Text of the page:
The solid waste management department of the Brihanmumbai Municipal Corporation has been battling apathy of a large section of population in Mumbai that refuses to show civic sense,at the individual level or at the level of industries and businesses that dump waste in a haphazard manner. But even as the department can list the successful closure of the Gorai dumping ground and a three-fold jump in garbage collection points in the city as major achievements in five years,there are several issues that work against making the streets free of garbage.
The BMC spends about Rs 300 crore a year for garbage collection and disposal. There are 5,800 garbage bins across 3,700 collection spots in the city and 1,100 vehicles to collect and transport about 6,500 tonne waste generated to dumping grounds every day. Over 27,000 conservancy workers and contractors lift the garbage and deposit it at the Deonar dumping ground. The total expenditure incurred by the SWM department has doubled from Rs 692 crore in 2007-08 to Rs 1,219 crore in 2010-11.
The scientific closure of the Gorai dumping ground was completed in 2009. It may have been a boon for residents of Malad and surrounding areas but after the Gorai closure,5,500 tonne waste is dumped at the Deonar facility that had already overflowed its capacity in the early 1990s. About 1,000 tons is being dumped at Mulund,which will also be closed soon. The project for partial closure of the Deonar dumping ground is limping because of the additional load even as charges of corruption in handing over the project to United Phosphorus Ltd have been raised repeatedly in the BMC standing committee after it was rejected by consultants.
Chief engineer (SWM) B P Patil said that partial closure can happen only if garbage dumped does not cross 2,000 tonne. The Kanjurmargs scientific landfill facility that will take 4,000 tonnes of daily waste has been delayed by over five years due to CRZ clearances. Once the facility is completed in the next five months,Deonar dumping ground will be partially closed, said Patil.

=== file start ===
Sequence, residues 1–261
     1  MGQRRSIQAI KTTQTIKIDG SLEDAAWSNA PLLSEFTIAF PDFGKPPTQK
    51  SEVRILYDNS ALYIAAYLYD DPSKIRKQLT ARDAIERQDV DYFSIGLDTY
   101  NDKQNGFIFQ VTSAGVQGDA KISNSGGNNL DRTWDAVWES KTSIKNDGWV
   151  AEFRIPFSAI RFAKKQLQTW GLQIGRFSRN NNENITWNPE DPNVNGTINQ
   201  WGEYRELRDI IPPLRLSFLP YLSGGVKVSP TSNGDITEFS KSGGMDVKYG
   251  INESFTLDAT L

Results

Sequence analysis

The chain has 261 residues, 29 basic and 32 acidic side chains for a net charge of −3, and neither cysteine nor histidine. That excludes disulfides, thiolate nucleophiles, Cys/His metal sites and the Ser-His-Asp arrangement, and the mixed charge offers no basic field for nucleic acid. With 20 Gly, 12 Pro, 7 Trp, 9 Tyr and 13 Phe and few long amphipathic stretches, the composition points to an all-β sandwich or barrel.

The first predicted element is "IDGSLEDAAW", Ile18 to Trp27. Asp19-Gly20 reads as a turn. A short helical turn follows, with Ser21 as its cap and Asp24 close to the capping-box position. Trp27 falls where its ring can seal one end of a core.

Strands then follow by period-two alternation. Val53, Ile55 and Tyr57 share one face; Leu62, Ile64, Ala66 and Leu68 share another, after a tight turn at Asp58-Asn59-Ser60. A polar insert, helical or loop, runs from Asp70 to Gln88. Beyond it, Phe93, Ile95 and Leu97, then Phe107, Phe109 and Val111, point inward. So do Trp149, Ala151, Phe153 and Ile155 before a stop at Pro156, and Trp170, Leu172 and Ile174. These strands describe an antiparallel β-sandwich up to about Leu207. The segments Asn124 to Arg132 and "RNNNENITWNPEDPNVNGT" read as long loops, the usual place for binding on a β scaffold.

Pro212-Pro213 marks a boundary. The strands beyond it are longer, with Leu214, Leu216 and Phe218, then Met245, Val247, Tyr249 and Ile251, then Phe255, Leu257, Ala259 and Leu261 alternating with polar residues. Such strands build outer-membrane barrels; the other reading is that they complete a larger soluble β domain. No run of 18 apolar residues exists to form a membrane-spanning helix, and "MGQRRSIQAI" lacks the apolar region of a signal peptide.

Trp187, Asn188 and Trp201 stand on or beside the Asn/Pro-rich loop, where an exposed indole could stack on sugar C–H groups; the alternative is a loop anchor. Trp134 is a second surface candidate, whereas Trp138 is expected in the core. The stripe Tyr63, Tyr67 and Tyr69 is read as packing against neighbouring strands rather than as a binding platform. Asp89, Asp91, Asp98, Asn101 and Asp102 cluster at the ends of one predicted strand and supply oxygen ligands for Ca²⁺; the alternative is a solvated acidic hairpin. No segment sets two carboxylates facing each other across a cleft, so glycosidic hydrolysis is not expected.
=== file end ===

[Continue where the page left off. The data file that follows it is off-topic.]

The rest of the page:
Rajkumar Sharma,an activist from Chembur,said that BMC does not manage waste at the ground causing pollution and health problems for residents of Chembur,Doenar and Mankhurd. Sharma said,The smoke generated from the bio-medical waste incinerator has increased fear of cancer in our area. Why is it that all dumping is happening in the eastern suburbs? Thirty-five tonne of biomedical waste is generated every day.
The Shiv Senas 2007 manifesto promised that the BMC will ensure that waste is segregated at the household level and recyclable dry waste is recycled. However,this has largely failed not only due to the civic bodys inadequacy,but also because of lack of awareness among citizens. As per Municipal Solid Waste Rules,2006,the BMC can fine housing societies and commercial establishments for not segregating wet and dry waste,but no fines have been levied so far. The latest survey carried out by BMC in September last year showed that only 30 per cent of the housing societies across the city are segregating their waste. This is also concentrated only in a few wards such as Chembur,Khar,Bandra and Kandivali,which are high on civic activism. They segregate about 1,500 kg of waste everyday.
Sharma said the BMC has only one dumper per ward to collect dry waste. Each ward generates anywhere between 200 tonne to 400 tonne garbage everyday,of which 15 per cent is usually dry. BMC has appointed an NGO in each ward which has only one dumper to collect so much dry waste, he said.
In November 2010,BMC had raised eyebrows by acquiring 1,400 community dustbins at a cost of Rs 28,800 per dustbin. There are already 5,800 such bins installed at 3,700 collection spots in the city,up from 1,300 in 2007. The house-to-house collection has increased from 20 per cent to 58 per cent in the last four years. Even as the Sena announced the Zero Garbage drive and earmarked Rs 156 crore for it in the current budget,many have pointed out its failure. BJP corporator Bhalchandra Shirshat said,The drive was an eyewash since there was no increase in frequency of dumper trips during this period, he said.
Meanwhile,the promise to acquire mechanical sweepers and safety gear for conservancy workers has also not been fulfilled.
Return of Marshals
Introduced in 2008 to prevent littering by giving rights to clean-up marshals to fine violators came under fire and the move was scrapped after allegations of corruption and use of force by the marshals. The scheme was reintroduced in July last year after the powers of marshals were curbed. Bio-medical waste was removed from their purview as most marshals,eyeing incentives, targeted only hospitals,as the fine for bio-medical waste was the highest at Rs 20,000.